[Haskell-cafe] Re: When to teach IO

jerzy.karczmarczuk at info.unicaen.fr jerzy.karczmarczuk at info.unicaen.fr
Thu Dec 22 06:43:51 EST 2005

Ketil Malde writes: 

> I'm sorry, but, if we define "compiler" as a input->process->output
> pipeline, then: 
>   "shuffling and transforming data" = compiler
>   "transforming data for reports" = compiler 
> I actually think a lot of useful programs fit into that category.

Ketil, calling "compiler" all this stuff you mention, simply
desintegrates the very definition of compilation. ALL is compiler...
An image synthesis program (say, a ray-tracer like POV-Ray) is a
compiler. TeX is a compiler. Etc. ... Perhaps, if you wish. But still,
most people *USE* TeX or POV-Ray to make images or formatted documents. 

So, I think that your opponent (was it Alistair Bayley?) is mostly
right claiming that people *write compilers* rarely. Even if I accept
your philosophy that all/most data processing activities is a *kind*
of compilation, in order to keep some minimum of discipline, I believe
that it is good to assume that 

+ Compilers are *universal*; they should handle a large set of sources,
 transforming them in something digested, reformatted, rendered visually
+ The output of the compiler *should, at least conceptually* preserve the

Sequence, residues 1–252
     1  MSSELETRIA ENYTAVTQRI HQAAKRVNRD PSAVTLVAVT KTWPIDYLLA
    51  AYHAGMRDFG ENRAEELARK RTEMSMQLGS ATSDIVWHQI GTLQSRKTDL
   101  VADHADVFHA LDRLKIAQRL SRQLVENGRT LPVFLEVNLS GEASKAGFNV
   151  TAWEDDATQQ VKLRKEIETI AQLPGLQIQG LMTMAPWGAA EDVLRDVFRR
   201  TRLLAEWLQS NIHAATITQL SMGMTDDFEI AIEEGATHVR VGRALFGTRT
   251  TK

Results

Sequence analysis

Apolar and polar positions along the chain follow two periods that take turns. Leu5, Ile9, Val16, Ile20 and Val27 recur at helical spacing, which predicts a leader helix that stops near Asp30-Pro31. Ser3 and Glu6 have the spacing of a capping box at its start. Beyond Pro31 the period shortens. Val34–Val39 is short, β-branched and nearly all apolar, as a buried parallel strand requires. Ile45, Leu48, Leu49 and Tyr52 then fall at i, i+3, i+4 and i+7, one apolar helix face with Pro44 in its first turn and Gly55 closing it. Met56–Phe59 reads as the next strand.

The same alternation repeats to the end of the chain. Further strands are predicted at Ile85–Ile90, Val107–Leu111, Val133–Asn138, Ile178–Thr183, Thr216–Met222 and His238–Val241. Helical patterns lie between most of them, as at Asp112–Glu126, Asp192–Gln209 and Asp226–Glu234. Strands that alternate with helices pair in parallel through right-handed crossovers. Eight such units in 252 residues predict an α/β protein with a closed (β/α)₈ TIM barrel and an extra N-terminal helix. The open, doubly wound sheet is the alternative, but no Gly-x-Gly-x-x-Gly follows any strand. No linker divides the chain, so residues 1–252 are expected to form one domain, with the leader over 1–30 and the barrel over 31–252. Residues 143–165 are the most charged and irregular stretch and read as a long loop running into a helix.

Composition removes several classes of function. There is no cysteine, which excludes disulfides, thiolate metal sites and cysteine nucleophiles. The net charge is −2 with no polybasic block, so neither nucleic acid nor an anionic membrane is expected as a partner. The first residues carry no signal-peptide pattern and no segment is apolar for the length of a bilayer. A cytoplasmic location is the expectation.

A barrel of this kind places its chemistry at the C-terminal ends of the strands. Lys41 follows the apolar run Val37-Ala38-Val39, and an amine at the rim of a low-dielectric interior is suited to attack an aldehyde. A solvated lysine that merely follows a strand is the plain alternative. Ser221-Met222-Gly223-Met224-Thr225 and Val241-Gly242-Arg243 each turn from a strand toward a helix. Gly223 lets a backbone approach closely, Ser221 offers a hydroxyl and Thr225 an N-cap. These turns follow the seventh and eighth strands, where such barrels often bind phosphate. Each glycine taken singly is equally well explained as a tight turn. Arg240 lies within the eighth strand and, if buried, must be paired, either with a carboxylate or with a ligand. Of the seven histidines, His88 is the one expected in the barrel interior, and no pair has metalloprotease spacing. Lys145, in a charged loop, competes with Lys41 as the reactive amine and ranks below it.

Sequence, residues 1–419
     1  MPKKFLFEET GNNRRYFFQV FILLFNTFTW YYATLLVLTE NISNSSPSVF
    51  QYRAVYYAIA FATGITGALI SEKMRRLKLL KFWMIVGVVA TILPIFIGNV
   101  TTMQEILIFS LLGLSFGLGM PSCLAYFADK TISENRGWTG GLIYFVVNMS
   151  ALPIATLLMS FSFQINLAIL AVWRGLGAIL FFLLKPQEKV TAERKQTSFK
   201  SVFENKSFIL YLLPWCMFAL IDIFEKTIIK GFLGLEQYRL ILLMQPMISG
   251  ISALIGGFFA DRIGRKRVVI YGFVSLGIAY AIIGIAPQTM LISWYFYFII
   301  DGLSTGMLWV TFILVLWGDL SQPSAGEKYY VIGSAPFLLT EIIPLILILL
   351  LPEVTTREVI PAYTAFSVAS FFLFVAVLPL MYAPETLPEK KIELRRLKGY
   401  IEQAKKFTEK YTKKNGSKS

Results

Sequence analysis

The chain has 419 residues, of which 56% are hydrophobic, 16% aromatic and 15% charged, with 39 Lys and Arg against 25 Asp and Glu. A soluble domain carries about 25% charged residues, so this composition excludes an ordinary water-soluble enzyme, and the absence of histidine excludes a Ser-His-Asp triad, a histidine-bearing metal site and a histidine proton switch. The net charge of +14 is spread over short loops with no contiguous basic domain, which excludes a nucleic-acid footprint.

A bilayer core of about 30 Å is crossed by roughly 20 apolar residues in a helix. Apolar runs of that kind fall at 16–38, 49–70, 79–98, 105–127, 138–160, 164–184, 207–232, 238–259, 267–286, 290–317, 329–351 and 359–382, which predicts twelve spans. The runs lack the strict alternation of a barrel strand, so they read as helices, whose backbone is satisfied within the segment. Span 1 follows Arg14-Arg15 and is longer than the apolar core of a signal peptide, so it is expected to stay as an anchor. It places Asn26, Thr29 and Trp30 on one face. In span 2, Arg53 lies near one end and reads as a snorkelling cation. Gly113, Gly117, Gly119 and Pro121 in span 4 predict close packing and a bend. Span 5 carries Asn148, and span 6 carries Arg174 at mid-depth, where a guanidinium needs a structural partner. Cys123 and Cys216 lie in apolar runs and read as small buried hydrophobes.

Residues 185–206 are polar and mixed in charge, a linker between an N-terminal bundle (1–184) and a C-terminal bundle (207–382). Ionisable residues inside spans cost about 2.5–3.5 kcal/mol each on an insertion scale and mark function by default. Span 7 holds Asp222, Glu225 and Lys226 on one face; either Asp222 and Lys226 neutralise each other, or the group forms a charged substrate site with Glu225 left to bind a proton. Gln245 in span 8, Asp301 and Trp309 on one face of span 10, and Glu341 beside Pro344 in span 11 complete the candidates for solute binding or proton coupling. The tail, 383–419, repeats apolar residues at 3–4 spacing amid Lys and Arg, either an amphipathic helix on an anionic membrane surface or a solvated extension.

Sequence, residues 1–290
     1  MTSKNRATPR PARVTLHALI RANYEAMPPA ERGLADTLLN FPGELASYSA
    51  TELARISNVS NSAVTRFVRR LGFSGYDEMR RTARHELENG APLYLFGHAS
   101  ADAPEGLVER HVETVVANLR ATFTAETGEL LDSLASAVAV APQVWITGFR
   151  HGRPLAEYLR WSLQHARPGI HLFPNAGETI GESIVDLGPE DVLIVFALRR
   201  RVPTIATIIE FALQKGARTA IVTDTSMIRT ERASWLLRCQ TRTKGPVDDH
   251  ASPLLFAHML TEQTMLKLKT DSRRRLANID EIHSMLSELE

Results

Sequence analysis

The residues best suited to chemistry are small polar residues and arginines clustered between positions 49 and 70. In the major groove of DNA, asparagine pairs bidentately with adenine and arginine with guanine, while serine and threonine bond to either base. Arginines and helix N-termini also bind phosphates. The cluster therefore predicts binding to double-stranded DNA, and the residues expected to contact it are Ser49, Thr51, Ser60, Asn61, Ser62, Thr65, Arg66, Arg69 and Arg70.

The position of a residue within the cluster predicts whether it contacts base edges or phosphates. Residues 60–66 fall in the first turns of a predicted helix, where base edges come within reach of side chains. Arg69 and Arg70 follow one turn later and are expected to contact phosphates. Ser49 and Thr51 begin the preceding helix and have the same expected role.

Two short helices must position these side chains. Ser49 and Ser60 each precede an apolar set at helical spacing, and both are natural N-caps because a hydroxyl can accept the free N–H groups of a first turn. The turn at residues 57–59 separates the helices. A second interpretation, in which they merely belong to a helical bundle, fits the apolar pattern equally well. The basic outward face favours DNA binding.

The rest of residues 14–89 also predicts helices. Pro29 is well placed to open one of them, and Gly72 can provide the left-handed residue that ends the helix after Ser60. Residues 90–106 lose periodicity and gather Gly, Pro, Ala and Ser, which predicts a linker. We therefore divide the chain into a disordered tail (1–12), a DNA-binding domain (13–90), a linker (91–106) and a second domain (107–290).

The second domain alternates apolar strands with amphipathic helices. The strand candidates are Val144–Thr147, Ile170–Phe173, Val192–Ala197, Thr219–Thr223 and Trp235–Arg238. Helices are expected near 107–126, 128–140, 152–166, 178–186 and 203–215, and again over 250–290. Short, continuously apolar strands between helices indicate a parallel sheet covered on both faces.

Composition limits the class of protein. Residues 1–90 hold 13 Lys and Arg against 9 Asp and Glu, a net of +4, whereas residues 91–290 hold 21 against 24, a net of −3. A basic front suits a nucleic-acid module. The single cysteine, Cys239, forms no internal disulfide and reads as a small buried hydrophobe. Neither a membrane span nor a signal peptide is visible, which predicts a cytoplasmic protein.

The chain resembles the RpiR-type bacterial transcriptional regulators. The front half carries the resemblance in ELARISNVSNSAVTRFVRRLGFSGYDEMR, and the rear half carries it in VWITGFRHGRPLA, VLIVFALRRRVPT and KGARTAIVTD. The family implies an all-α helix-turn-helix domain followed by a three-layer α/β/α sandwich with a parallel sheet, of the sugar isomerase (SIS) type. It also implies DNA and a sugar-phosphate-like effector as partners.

semantics - as we see it - of the source. Thus, say, a game is not
 a compiler.
+ They are more or less autonomous. TeX is a compiler. An add-on, say,
 a LaTeX macro-package (or an #included script to POV-Ray) are not, they
 just enrich the grammar of processed documents.
+ Compilers must respect some criteria of decency. (This is my idée
 fixe, I used to insist on that during all my compilation courses...)
 They are not allowed to break on erroneous data. They MUST terminate
 (gracefully). Etc. 

What is the percentage of programs written by average Norwegian salmon
eaters which respect that? Concerning local French snail-eaters ... well,
I lost all illusions quite a time ago. 

Jerzy Karczmarczuk 

PS. About the subject (when to teach IO): don't be sectarians. If
   a programming course insists on algorithmics, the IO issues can be
   postponed a bit. If it insists on practical data processing, IO
   should come in immediately. A programming course should be
   harmonious, homogeneous, well assembled, interesting, and easy to
   put into practice (...sorry for triviality, you ALL know that...),
   and the details depend on the language and on the teacher. In Scheme
   it is easier than in Haskell. 

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